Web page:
What a Cursillo talk IS:
Each of the fifteen talks is one episode in an unfolding story. Each builds on those gone before, and serves to provoke discussion and exploration of the topic. It asks questions rather than trying to give answers.
What a Cursillo talk IS NOT:
- A personal witness talk – it is anchored in, but not all about, the speaker’s experience.
- A lesson – apart from a few of the final talks, it’s not for the speaker to tell people what to do.
- A Bible study – Bible quotes should be used sparingly, and only where relevant.
- A sermon – it’s not an opportunity for the speaker to try to sound like the vicar!
So how do I do that?
Read the guidelines for the talk you are to prepare. Don’t leap in and start right away, however tempting that may be. Give yourself time to think and pray, and ask the Holy Spirit to guide your thinking. You may be surprised to find how God will put things into your mind if you keep it open. The guidelines come in three sections:
The guidelines for each talk will give a few key points that MUST be incorporated in your talk is some way. Without these, other talks may not make full sense, and the unfolding story mentioned above will be broken. Start by taking these away and thinking about them for as long as needed before you even start to try to write anything. As the old collect prayer says, “read, mark, and inwardly digest.”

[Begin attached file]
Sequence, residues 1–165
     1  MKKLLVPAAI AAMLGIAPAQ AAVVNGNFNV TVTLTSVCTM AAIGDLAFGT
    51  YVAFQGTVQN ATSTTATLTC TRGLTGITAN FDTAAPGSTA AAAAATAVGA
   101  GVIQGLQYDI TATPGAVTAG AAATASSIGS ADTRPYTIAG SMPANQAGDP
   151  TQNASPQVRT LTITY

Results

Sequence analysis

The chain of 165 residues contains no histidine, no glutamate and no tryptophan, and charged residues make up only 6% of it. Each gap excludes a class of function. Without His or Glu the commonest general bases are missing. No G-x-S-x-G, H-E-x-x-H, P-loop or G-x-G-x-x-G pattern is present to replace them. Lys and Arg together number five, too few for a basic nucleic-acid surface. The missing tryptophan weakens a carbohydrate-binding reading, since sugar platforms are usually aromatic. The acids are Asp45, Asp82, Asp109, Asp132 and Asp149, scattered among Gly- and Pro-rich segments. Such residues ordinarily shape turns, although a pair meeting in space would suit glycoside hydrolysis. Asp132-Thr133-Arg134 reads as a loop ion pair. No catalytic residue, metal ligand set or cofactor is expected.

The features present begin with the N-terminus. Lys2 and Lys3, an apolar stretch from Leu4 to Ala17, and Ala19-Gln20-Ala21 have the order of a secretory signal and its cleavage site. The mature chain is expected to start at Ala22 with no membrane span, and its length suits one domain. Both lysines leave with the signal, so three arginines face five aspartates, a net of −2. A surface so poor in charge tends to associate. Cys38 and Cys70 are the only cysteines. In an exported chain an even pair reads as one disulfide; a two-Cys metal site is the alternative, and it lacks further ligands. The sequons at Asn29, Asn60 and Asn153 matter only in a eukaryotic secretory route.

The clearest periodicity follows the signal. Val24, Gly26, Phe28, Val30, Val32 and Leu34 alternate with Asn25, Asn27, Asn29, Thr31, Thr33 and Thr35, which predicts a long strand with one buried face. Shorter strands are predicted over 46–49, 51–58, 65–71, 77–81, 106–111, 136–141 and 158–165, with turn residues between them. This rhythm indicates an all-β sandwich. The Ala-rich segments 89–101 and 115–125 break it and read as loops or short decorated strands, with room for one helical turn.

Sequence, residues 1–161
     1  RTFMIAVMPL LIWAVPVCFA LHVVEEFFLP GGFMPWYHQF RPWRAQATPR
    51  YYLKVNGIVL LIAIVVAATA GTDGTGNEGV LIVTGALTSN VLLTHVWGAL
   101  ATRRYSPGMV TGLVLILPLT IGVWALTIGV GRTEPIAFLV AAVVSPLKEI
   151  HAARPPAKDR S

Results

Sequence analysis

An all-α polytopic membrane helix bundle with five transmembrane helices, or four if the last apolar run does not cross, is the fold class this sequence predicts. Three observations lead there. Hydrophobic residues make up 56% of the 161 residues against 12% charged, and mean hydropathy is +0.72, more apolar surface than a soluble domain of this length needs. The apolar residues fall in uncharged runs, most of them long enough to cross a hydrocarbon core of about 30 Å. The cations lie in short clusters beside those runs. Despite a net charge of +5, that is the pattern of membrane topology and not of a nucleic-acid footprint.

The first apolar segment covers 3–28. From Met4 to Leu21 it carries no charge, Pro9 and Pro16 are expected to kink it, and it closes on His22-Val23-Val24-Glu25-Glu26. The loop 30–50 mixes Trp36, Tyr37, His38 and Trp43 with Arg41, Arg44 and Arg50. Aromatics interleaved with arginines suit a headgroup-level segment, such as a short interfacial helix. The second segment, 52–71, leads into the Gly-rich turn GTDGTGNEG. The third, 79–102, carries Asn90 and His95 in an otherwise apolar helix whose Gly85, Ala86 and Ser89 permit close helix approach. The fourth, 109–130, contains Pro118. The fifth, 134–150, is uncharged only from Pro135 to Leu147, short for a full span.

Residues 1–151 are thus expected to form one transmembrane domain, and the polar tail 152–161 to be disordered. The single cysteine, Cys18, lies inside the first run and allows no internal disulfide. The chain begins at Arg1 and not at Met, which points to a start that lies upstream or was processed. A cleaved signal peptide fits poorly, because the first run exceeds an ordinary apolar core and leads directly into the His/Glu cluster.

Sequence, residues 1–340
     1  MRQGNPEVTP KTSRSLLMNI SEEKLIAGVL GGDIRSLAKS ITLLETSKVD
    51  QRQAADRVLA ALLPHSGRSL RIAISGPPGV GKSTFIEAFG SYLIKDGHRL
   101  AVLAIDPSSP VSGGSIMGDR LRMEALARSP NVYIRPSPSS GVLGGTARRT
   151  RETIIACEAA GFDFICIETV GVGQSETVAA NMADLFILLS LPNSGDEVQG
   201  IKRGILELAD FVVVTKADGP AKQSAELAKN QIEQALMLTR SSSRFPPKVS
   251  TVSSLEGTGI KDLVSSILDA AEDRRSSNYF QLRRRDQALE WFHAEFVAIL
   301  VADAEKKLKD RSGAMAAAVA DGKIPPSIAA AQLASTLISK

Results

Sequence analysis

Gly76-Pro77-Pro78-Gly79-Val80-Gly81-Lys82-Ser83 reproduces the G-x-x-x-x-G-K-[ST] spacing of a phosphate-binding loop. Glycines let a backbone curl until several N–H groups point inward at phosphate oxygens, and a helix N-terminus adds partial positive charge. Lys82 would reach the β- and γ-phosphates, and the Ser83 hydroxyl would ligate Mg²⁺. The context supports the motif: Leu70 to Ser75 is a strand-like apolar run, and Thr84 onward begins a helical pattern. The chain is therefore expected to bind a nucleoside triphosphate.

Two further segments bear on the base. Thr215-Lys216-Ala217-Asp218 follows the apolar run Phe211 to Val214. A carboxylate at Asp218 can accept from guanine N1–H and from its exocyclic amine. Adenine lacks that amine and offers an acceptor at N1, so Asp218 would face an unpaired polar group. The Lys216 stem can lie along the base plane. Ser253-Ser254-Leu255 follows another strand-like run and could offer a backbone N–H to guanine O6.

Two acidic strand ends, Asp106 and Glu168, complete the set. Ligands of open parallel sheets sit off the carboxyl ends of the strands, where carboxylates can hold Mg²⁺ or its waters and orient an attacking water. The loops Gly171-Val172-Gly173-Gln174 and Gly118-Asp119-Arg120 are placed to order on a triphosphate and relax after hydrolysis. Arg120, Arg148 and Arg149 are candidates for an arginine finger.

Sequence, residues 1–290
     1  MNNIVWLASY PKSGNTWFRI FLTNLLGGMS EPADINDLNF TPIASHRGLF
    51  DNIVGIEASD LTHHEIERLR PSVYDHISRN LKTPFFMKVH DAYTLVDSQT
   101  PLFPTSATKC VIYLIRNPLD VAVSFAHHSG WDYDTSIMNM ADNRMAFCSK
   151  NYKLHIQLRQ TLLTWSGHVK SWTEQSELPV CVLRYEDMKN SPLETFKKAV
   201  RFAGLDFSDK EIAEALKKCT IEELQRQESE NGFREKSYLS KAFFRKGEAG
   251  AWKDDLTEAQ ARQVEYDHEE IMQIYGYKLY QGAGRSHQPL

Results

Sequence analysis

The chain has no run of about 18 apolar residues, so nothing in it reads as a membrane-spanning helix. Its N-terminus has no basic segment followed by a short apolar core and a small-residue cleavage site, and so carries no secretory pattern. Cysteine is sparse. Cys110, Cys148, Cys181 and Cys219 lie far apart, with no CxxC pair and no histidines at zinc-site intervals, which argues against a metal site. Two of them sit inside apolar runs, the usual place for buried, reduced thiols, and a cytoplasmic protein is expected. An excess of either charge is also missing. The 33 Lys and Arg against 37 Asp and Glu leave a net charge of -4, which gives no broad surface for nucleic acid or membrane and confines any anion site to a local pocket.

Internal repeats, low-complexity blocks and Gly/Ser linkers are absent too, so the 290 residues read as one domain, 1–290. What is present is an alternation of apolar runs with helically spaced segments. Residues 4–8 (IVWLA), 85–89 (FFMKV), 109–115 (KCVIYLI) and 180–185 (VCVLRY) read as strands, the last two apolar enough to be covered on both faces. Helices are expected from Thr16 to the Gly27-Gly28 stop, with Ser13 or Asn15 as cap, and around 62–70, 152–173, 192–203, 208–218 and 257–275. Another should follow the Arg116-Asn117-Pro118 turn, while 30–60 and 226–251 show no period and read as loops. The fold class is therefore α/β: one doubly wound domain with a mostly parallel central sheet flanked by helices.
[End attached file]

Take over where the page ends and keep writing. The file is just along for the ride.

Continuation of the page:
Suggestions are offered as a way of getting you going. They are not as crucial as the key points, and you can use them or not as seems appropriate.
The comments are just helpful notes about the process, including things to avoid. Some things are the same for many talks, others may be pertinent only to your talk.
Don’t apologise! Too many “Study” talks have begun with “Well, I don’t know why I’ve been given this talk to do because I’m the world’s worst at studying.” Usually, that person then goes on to list the fifteen books they read before breakfast and make everyone else feel even worse. It’s not a competition, and neither is the talk an opportunity to show off. Yes, we want to share our own personal experience and what works for me, but with understanding, and sympathetic to the fact that for others their journey may well have a different direction and speed. Having said that, the best talks – and the ones that people remember – do arise naturally out of personal experience, and are not just a sterile third-person monologue. Striking a balance comes naturally to some, but others may find this very challenging. If you find yourself just getting stuck, don’t panic – it doesn’t mean you’re inadequate, just stuck. Talk to other Cursillistas about it, perhaps after your Group Reunion. Even if your ideas are really sketchy, run them past one of the Spiritual Advisors for the weekend, who may be able to give you pointers or other support. It may seem daunting to think that “Christ is counting on YOU,” but he never asks more of us than we are able to do, so we respond in faith, “and I on HIM.”